Nazg&#251;l for Azog I will never forgive. It's not a Servant of Sauron theme, it's a Ringwraith theme, and Azog's not a Ringwraith, he's a goddam Orc, and that theme doesn't belong there, full stop. It was just put there because it sounds "epic" and would "pump up the action scene". Gondor Restored at the end is just as stupid. And the Dreaming of Bag End theme for Bilbo is indeed lovely, and would have been lovelier still if it actually appeared in the movie. Instead it just gets replaced by copy/pasted Hobbit music from LOTR instead because Peter Jackson desperately wants his audience to remember how good those movies were in lieu of the Hobbit ones being any good on their own. Needless to say it goes missing entirely from the second and third score...along with the Misty Mountains melody (the strongest theme of the first one). I still really like those scores overall but they got absolutely butchered in terms of their thematic usage in the films. Then again those movies were an absolute clusterfuck so I shouldn't be surprised.<br><br>WRT Harry Potter, the 3 note theme does work okay for Voldemort, except that there's already a longer, separate Voldemort theme in Philosopher's, one that I like even more, and which only gets used once in Chamber (when Riddle rearranges the letters). I can understand liking Chamber better than Philosopher when you compare the albums, but in terms of the complete scores there's no contest at all, Philosopher wins by a country mile because of Chamber's rehash issues (and there are some good cues missing from the album, such as the Troll and Forbidden Forest scenes).@Edmund<br>The thing with the Nolan scores (at least Interstellar/Inception) is that they are repetitive, in as much as being built heavily around the suites that Iím guessing they use to edit and temp the film. <br>And while the themes are simple I do think they are structured in a unique enough way which builds emotional resonance through the gradual increase in chords/volume/speed/etc. Even Dunkirk is a relatively simple score theme wise, but is so technically complex.<br><br>And personally Iíve never been in love with Inception. I admire it on a technical level, but outside of ďTimeĒ I find it to be a fairly cold score. Obviously what it was meant to do so not a complaint, more of a personal preference thing.You know, I actually like Chamber of Secrets much more than Philosopher's Stone. It has the best moments from that score with improved themes. (I actually like the 3 note motif for Voldemort better than it being used for the stone, it already sounded like the Sith theme from Star Wars so might as well go all the way with it.) It felt more tight, better paced, and had an overall more energetic feel to it.<br><br>The Hobbit, I'm not entirely sure where you're getting heartbreaking from. If you mean the state of its release I absolutely agree, if you're talking about its reprisals the only one I had any issue with was the Return of the King/Gondor Restored theme which had nothing to do with Thorin and Bilbo's relationship. <br><br>The Nazghul theme being used for Azog I thought was fine as he was a servant of Sauron in the movies, History of the Ring and Gollum's themes were used effectively, and the new thematic material for the first film, I thought was wonderful. The themes A Baggins of Bag-End and The Lonely Mountain song being used as a Fellowship type of theme are the greatest highlights for me.See, I don't find Inception or Interstellar (or Thin Red Line) all that "complex". Especially not compared to At World's End (how many themes are in that score, like 15? 20? Pretty much all of which show up in rapid succession during the Maelstrom battle?). The Nolan scores are more about building up around very simple conceptual ideas.<br><br>Unless you're talking about emotional complexity, which is a very different thing and not really possible to objectively judge...You know, I don't think I've ever really gotten the full story surrounding that score. I've heard conflicting reports. My personal belief is that Ross did little to no substantial composition and that all the new stuff (themes, suites, new cues and also significantly fresh arrangements of old material) is pure Williams, but that film is full of reused music from the first film (it's actually quite frustrating, not as bad as On Stranger Tides or as heartbreaking as The Hobbit, but a bit of a rehashy mess and it makes the key error of using the Philosopher's Stone motif as a Voldemort theme). That's where I think Ross comes in and was responsible for taking those cues verbatim from the first film and tweaking/rearranging them just enough to match the timings of the scenes without actually adding any of his "own" notes. His role is likely somewhere between additional music, arrangement and music editing (but as Hybrid likes to point out, oftentimes those sorts of roles are really blurred and overlapping anyways).<br><br>A guy at jwfan did an analysis that helps understand the nature of that score, but be warned, it goes *really* deep:<br><br>www.jwfan.com/forums/index.php?/topic/27619-finished-chamber -of-secrets-thematic-and-originality-analysis/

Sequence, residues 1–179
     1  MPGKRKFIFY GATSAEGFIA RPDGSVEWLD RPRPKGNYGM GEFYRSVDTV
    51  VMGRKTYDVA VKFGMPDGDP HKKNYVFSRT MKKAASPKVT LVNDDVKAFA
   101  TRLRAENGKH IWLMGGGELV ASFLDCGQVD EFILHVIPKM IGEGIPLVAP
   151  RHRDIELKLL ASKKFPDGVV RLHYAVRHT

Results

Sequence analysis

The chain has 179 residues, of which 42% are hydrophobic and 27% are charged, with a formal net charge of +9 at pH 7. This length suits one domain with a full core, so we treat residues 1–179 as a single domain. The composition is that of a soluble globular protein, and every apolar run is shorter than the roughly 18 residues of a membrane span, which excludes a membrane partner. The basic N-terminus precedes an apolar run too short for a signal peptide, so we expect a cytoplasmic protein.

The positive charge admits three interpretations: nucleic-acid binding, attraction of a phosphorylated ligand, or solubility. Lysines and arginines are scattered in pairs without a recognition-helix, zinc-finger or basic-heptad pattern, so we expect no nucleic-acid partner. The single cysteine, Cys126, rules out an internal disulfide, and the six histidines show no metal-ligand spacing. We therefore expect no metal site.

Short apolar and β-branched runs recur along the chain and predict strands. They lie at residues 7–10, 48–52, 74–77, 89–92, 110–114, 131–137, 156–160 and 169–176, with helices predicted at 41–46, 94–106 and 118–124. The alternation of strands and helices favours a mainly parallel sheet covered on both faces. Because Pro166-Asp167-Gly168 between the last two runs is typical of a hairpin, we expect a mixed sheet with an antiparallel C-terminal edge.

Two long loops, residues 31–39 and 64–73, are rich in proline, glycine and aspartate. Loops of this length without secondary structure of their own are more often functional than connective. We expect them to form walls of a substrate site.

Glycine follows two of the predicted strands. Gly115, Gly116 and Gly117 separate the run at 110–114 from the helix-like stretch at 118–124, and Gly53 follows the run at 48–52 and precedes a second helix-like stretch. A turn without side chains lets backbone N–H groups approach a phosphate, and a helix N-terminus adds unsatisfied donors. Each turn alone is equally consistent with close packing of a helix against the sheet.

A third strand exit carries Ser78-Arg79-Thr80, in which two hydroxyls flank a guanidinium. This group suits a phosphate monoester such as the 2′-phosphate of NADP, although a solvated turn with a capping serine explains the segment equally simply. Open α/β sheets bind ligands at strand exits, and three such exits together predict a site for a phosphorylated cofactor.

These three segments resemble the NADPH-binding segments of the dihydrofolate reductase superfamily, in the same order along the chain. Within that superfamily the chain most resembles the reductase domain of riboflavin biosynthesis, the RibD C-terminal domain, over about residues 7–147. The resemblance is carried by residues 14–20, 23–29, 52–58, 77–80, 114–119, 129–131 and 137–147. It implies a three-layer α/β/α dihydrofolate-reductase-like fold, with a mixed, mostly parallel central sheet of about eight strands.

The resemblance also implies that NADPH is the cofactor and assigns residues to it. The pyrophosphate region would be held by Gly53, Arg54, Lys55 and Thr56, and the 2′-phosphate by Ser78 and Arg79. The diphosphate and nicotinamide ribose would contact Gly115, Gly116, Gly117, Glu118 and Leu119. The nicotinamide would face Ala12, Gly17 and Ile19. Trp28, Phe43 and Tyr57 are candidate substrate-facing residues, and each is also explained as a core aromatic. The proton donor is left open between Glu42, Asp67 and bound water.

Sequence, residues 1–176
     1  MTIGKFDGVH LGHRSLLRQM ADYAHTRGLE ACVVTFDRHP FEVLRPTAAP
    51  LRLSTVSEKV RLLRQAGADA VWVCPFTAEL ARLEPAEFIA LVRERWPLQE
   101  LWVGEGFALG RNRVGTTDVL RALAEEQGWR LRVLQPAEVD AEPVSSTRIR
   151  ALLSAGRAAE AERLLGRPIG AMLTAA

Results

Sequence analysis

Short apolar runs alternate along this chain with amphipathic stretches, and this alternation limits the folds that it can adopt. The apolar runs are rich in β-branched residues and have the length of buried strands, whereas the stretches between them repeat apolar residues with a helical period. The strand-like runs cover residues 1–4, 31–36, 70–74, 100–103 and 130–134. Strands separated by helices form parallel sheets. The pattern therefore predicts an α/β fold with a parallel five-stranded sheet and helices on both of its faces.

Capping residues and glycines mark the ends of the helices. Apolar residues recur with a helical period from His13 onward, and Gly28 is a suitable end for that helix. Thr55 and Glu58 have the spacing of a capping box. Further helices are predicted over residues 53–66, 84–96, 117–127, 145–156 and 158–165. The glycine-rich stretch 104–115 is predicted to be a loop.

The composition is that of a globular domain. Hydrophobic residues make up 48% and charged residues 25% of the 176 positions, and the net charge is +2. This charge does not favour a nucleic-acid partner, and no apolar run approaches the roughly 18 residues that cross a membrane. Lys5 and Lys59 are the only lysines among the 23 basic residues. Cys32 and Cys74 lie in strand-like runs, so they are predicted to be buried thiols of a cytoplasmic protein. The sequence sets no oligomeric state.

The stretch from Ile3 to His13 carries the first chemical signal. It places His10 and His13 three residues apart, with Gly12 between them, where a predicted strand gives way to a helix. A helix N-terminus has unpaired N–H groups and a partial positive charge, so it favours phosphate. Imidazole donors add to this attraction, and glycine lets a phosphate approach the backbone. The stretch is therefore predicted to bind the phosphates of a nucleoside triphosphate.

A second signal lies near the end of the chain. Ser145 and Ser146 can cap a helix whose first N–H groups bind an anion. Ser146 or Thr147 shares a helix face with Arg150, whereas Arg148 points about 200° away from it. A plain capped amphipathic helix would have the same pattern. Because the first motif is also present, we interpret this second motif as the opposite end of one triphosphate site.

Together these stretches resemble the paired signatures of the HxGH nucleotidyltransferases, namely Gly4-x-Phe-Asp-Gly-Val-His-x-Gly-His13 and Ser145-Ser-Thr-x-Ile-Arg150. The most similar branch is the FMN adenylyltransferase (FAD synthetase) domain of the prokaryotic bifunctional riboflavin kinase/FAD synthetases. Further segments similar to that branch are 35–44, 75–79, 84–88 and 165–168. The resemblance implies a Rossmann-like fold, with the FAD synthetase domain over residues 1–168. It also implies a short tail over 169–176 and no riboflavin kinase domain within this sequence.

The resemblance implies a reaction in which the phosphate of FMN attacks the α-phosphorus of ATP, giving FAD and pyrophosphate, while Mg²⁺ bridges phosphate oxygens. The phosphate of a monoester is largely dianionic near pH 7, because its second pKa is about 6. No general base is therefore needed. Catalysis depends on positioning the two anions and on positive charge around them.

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 LATEST RELEASES
 NEWS
  2005, June 28
Hans ZIMMER is scoring Ask The Dust